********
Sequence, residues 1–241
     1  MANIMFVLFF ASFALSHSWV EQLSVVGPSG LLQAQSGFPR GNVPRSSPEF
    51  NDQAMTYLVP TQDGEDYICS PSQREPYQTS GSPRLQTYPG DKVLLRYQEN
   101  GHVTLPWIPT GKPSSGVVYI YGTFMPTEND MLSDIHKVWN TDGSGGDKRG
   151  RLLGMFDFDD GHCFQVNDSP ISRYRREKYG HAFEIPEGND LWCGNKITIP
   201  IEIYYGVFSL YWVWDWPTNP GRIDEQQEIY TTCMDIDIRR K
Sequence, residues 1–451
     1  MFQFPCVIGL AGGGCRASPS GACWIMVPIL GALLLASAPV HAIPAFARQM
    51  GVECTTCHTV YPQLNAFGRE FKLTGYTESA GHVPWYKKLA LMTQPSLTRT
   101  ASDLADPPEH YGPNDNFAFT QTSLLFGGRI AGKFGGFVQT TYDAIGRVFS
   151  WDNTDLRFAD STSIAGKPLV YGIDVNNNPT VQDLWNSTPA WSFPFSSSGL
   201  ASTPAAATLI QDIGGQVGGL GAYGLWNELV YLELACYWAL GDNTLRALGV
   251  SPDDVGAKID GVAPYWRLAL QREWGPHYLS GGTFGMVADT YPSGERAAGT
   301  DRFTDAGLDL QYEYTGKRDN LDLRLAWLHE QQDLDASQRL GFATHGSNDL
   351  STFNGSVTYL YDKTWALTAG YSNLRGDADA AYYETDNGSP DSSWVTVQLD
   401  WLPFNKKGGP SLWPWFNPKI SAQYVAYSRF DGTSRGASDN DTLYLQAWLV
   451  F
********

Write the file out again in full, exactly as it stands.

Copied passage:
Sequence, residues 1–241
     1  MANIMFVLFF ASFALSHSWV EQLSVVGPSG LLQAQSGFPR GNVPRSSPEF
    51  NDQAMTYLVP TQDGEDYICS PSQREPYQTS GSPRLQTYPG DKVLLRYQEN
   101  GHVTLPWIPT GKPSSGVVYI YGTFMPTEND MLSDIHKVWN TDGSGGDKRG
   151  RLLGMFDFDD GHCFQVNDSP ISRYRREKYG HAFEIPEGND LWCGNKITIP
   201  IEIYYGVFSL YWVWDWPTNP GRIDEQQEIY TTCMDIDIRR K
Sequence, residues 1–451
     1  MFQFPCVIGL AGGGCRASPS GACWIMVPIL GALLLASAPV HAIPAFARQM
    51  GVECTTCHTV YPQLNAFGRE FKLTGYTESA GHVPWYKKLA LMTQPSLTRT
   101  ASDLADPPEH YGPNDNFAFT QTSLLFGGRI AGKFGGFVQT TYDAIGRVFS
   151  WDNTDLRFAD STSIAGKPLV YGIDVNNNPT VQDLWNSTPA WSFPFSSSGL
   201  ASTPAAATLI QDIGGQVGGL GAYGLWNELV YLELACYWAL GDNTLRALGV
   251  SPDDVGAKID GVAPYWRLAL QREWGPHYLS GGTFGMVADT YPSGERAAGT
   301  DRFTDAGLDL QYEYTGKRDN LDLRLAWLHE QQDLDASQRL GFATHGSNDL
   351  STFNGSVTYL YDKTWALTAG YSNLRGDADA AYYETDNGSP DSSWVTVQLD
   401  WLPFNKKGGP SLWPWFNPKI SAQYVAYSRF DGTSRGASDN DTLYLQAWLV
   451  F